23 Following


Currently reading

The Sea of Monsters
Rick Riordan
Paladin of Souls
Lois McMaster Bujold
Batman: The Night of the Owls
Scott Snyder, Judd Winick, Justin Gray, David Finch, Peter J. Tomasi, Pat Gleason, Tony S. Daniel, Scott Lobdell, Duane Swierczynski, J.H. Williams III, Jimmy Palmiotti
Nightwing, Vol. 2: Night of the Owls
Kyle Higgins, Eddy Barrows, Ruy Jose
Artemis Fowl - Eoin Colfer Why do people feel the need to compare this book to Harry Potter. Yes, they both have a magical world that exists beneath our own, but that is where the similarities end. If you're reading this series because you think it'll fill some void that Harry Potter has left, then, this probably is not for you. You're better off re-reading Harry Potter. If you're looking for a fast, light-hearted read, then you'll probably enjoy Artemis Fowl.

Artemis Fowl is the story of Artemis Fowl the Second and his quest to regain his family's fortune by blackmailing the fairies (basically). Artemis is a 12-year-old genius who descends from a long time of treacherous men. His mother is in a state of dementia, and his father is missing. Although Artemis isn't poor by anyone's standards, he wants to build up his family's once monstrous fortune.

I'll admit I didn't like Artemis very much in the beginning of the book. Arrogant and uncouth are along the lines I was thinking of, but as the story progressed, I did take a liking to the child genius. Eoin Colfer has successfully made a character that's both the villain and the hero, especially considering that most young adult fiction tends to be horribly cliched with the basic good vs. evil concept. Here, you'll find yourself thinking that Artemis is quite the villain, but at the same time, he is a child and certain things will conjure up a sympathetic feeling toward him. He's really not as heartless as he is first made out to be.

Then, there's the matter of the fairies. They're very much human in many aspects. They're more advanced than the "Mud People" (humans), but they hold certain ill sentiments toward the humans who they feel are a threat to world. Many of the fairies ideology about humans is amusing. They see humans are barbarians for using the bathroom IN their homes! (Can you imagine?) Their ideas about humans comes off with the staunch judgmental attitudes that's present even in our own world, but they show the human world through new eyes, which is very entertaining.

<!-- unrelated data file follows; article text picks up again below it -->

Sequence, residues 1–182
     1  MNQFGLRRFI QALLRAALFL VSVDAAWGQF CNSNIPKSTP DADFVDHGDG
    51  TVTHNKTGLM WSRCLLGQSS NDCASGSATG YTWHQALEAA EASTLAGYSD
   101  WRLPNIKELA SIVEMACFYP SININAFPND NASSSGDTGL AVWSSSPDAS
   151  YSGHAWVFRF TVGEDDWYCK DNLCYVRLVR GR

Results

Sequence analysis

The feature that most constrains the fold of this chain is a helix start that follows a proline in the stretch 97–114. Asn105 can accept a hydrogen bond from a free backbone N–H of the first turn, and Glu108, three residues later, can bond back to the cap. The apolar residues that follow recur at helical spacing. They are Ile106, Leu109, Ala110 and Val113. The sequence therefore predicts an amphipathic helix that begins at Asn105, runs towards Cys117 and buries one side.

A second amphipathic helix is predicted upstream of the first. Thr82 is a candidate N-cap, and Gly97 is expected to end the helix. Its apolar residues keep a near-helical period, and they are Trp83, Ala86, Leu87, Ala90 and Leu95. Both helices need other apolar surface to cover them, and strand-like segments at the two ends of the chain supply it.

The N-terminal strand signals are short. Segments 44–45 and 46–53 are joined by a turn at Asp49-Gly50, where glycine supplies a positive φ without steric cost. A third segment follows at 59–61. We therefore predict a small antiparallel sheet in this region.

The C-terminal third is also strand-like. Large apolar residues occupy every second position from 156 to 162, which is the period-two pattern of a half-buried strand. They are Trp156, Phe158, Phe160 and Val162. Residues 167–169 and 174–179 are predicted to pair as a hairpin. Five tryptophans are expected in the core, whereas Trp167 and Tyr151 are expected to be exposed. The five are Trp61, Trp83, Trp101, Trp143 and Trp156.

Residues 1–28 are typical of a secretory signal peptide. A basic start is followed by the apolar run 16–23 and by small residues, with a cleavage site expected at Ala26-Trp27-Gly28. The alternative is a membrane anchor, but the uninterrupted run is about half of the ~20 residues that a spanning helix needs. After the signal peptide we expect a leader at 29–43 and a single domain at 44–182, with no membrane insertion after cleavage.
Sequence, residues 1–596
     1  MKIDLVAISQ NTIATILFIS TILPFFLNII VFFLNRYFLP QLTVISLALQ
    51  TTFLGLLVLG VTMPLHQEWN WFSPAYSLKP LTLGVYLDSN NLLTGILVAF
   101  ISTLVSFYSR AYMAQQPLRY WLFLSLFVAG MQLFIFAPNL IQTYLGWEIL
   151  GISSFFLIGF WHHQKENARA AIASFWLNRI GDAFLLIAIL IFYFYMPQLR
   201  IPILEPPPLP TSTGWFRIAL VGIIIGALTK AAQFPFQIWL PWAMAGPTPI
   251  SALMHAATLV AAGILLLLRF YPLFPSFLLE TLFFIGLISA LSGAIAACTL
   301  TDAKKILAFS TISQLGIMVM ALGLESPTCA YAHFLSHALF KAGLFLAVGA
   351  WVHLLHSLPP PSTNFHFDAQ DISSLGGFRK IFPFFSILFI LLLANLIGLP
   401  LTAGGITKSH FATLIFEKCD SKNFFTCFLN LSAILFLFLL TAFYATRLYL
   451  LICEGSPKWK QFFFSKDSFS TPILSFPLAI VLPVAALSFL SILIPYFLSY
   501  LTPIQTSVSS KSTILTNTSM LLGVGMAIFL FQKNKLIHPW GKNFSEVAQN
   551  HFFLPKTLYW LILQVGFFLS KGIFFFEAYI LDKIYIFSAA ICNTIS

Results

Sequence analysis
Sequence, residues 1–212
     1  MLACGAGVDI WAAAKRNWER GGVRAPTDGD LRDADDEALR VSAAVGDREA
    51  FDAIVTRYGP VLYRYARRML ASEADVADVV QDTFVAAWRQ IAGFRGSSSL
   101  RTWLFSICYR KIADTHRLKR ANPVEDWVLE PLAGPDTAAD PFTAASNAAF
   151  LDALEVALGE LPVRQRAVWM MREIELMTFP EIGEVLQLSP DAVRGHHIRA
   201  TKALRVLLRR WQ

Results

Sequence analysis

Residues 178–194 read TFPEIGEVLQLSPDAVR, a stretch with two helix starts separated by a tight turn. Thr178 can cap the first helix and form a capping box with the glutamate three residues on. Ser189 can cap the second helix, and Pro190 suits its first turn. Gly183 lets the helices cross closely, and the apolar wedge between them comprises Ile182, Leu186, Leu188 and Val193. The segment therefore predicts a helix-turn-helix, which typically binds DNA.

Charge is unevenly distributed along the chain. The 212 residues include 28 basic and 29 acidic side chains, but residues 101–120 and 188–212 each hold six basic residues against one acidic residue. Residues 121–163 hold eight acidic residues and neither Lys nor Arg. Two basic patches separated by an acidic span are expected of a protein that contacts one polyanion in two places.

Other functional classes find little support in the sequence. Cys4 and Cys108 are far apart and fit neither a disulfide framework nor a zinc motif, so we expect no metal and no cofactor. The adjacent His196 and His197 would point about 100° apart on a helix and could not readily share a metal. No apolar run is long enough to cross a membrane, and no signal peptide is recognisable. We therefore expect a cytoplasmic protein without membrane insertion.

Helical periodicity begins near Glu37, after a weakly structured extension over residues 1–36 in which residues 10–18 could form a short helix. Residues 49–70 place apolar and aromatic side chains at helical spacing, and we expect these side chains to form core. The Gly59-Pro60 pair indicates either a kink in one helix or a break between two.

The only thing that really annoyed me about this book was the way the author would suddenly feel the need to take time out to "explain" the matter of things. The author would suddenly break in the story and say something like, "We should take this time out to talk about the Fowls?" The viewpoint would change and the omnipresent 3rd person tone would suddenly turn to omnipresent 1st person, and then back again. This disrupted my reading pattern, and I felt this could be better tied in with the story. It didn't happen often, though. Thank Goodness. I realize that this was supposed to be written as a medical journal "documentation", but it was still quite annoying

A good read. I wish I could give it 5 stars. If it hadn't been for those quirky sections that disrupted my reading, I would have given it five stars. I'm glad that I finally took the time out to read it, and I'll definitely look into reading more of this series.